• HargroveR.L.EthertonT.D.PearsonT.A.HarrisonE.H.Kris-EthertonP.M.2001Low-fat and high-monounsaturated fat diets decrease human low-density lipoprotein oxidative susceptibility in vitroJ. Nutr.13117581763

    • Search Google Scholar
    • Export Citation
  • HowardL.R.TalcottS.T.BrenesC.H.VillalonB.2000Changes in phytochemical and antioxidant activity of selected pepper cultivars (Capsicum species) as influenced by maturityJ. Agr. Food Chem.4817131720

    • Search Google Scholar
    • Export Citation
  • HubbardN.L.PharrD.M.1992Developmental changes in carbohydrate concentration and activities of sucrose metabolizing enzymes in fruits of two Capsicum annuum L. genotypesPlant Sci.863339

    • Search Google Scholar
    • Export Citation
  • KhorH.T.ChiengD.Y.1997Effect of squalene, tocotrienols and α-tocopherol supplementations in the diet on serum and liver lipids in the hamsterNutr. Res.17475483

    • Search Google Scholar
    • Export Citation
  • KimS.ParkJ.-B.HwangI.-K.2002Quality attributes of various varieties of Korean red pepper powders (Capsicum annuum L.) and color stability during sunlight exposureJ. Food Sci.6729572961

    • Search Google Scholar
    • Export Citation
  • KolevaI.I.van BeekT.A.LinssenJ.P.H.de GrootA.EvstatievaL.N.2002Screening of plant extracts for antioxidant activity: A comparative study on three testing methodsPhytochem. Anal.13817

    • Search Google Scholar
    • Export Citation
  • Korean Statistical Information Service2012Agriculture forestry and fishery survey. Daejeon Republic of Korea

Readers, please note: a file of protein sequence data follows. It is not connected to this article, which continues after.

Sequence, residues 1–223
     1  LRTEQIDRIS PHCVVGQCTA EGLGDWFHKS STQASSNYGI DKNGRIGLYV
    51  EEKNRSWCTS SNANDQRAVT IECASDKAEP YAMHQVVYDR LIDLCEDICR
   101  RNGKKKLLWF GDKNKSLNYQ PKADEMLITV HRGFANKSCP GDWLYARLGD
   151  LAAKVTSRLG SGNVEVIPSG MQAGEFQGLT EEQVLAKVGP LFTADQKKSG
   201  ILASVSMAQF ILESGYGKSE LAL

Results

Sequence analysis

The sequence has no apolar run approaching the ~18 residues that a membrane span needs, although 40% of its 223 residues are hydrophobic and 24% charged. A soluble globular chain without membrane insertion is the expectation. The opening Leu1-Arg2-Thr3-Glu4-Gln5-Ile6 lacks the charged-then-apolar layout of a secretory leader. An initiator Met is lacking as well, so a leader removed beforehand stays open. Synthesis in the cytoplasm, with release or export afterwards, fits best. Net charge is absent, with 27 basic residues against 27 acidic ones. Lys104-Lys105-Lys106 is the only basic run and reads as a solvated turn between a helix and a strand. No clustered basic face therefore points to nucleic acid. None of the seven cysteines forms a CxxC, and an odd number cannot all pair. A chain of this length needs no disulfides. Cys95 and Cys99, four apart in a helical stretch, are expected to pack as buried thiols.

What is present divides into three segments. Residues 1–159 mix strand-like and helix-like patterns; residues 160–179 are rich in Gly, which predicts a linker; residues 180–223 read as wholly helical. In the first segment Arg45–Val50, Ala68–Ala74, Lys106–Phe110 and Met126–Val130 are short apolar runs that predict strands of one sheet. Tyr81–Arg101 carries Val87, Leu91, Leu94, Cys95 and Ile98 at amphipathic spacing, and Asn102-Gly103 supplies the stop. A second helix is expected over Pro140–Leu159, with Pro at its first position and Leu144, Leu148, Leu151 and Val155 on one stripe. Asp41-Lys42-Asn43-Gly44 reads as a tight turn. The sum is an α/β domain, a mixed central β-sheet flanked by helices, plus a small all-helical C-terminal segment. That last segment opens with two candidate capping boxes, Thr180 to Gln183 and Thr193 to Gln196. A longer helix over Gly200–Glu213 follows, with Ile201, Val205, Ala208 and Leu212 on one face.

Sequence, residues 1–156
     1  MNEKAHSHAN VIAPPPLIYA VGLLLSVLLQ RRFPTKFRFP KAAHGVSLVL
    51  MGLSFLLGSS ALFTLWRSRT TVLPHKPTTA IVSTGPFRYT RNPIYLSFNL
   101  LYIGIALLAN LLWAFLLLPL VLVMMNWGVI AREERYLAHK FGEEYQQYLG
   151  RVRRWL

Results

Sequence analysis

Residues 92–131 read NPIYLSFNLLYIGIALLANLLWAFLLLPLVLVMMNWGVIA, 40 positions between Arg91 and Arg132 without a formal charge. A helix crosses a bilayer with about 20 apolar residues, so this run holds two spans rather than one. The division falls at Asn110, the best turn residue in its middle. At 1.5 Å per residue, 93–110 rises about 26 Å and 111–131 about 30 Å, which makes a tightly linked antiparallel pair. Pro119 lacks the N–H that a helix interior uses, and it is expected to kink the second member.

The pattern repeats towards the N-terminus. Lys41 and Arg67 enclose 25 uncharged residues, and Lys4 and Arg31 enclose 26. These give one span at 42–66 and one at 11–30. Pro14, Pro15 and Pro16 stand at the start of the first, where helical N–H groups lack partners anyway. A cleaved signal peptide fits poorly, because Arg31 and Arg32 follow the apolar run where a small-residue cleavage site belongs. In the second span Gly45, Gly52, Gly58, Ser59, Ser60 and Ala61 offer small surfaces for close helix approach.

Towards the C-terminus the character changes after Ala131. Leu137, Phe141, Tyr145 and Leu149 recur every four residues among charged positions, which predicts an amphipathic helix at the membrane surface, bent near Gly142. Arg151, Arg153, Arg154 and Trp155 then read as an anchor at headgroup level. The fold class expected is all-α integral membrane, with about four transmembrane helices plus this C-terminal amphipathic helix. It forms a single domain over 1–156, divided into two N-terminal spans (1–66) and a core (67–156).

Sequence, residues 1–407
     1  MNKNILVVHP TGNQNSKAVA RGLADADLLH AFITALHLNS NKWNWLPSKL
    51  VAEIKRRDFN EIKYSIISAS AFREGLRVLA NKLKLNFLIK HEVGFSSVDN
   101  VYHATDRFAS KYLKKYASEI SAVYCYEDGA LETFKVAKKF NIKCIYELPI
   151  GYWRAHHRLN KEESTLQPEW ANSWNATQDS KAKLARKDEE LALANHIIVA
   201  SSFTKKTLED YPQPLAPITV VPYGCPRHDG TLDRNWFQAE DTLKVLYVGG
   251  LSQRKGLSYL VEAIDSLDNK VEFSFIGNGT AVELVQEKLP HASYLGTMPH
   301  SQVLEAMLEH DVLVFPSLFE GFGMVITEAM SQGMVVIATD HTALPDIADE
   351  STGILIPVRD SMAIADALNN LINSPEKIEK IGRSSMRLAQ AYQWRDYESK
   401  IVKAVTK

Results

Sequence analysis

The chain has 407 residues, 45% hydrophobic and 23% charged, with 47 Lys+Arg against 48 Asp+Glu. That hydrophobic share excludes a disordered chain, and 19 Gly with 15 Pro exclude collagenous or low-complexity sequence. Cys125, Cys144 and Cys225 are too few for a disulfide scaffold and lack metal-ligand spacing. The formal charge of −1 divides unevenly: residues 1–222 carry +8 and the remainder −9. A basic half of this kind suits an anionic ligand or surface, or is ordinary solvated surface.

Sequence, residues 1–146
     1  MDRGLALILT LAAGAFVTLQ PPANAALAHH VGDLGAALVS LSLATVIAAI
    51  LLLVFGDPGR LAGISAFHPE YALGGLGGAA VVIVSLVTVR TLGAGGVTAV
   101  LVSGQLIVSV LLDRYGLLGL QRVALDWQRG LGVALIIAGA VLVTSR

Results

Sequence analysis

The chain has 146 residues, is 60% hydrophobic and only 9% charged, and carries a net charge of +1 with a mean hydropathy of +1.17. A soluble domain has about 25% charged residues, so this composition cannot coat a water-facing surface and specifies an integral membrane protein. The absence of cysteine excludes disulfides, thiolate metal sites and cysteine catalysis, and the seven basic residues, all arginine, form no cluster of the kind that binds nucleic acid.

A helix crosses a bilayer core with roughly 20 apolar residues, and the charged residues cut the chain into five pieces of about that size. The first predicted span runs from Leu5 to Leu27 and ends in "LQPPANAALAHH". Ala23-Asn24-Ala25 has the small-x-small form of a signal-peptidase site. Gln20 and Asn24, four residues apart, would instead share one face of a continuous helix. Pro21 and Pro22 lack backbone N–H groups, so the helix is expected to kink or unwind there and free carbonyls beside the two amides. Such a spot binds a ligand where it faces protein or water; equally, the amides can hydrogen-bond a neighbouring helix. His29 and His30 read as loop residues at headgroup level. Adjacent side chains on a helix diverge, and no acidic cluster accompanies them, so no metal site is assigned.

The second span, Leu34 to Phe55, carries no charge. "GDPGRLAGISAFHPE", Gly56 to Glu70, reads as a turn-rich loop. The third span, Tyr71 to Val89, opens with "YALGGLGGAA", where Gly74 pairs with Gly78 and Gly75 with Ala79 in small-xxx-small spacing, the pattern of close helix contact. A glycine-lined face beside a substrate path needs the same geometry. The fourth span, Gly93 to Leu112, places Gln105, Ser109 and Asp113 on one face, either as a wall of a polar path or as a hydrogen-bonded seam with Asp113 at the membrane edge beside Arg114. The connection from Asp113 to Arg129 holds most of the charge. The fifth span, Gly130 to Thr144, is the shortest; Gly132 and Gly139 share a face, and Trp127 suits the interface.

• LeeS.K.KaderA.A.2000Preharvest and postharvest factors influencing vitamin C content of horticultural cropsPostharvest Biol. Technol.20207220

    • Search Google Scholar
    • Export Citation
  • LeeY.HowardL.R.VillalonB.1995Flavonoids and antioxidant activity of fresh pepper (Capsicum annuum) cultivarsJ. Food Sci.60473476

  • ManachC.MazurA.ScalbertA.2005Polyphenols and prevention of cardiovascular diseasesCurr. Opin. Lipidol.167784

  • MarangoniF.PoliA.2010Phytosterols and cardiovascular healthPharmacol. Res.61193199

  • MarinA.RubioJ.S.MartinezV.GilM.I.2009Antioxidant compounds in green and red peppers as affected by irrigation frequency, salinity and nutrient solution compositionJ. Sci. Food Agr.8913521359

    • Search Google Scholar
    • Export Citation
  • MarinovaD.RibarovaF.AtanassovaM.2005Total phenolics and total flavonoids in Bulgarian fruits and vegetablesJ. Univ. Chem. Tech. Met.40255260

    • Search Google Scholar
    • Export Citation
  • MarkusF.DaoodH.G.KapitanyJ.BiacsP.A.1999Change in the carotenoid and antioxidant content of spice red pepper (paprika) as a function of ripening and some technological factorsJ. Agr. Food Chem.47100107

    • Search Google Scholar
    • Export Citation
  • MaterskaM.PeruckaI.2005Antioxidant activity of the main phenolic compounds isolated from hot pepper fruit (Capsicum annuum L.)J. Agr. Food Chem.5317501756

    • Search Google Scholar
    • Export Citation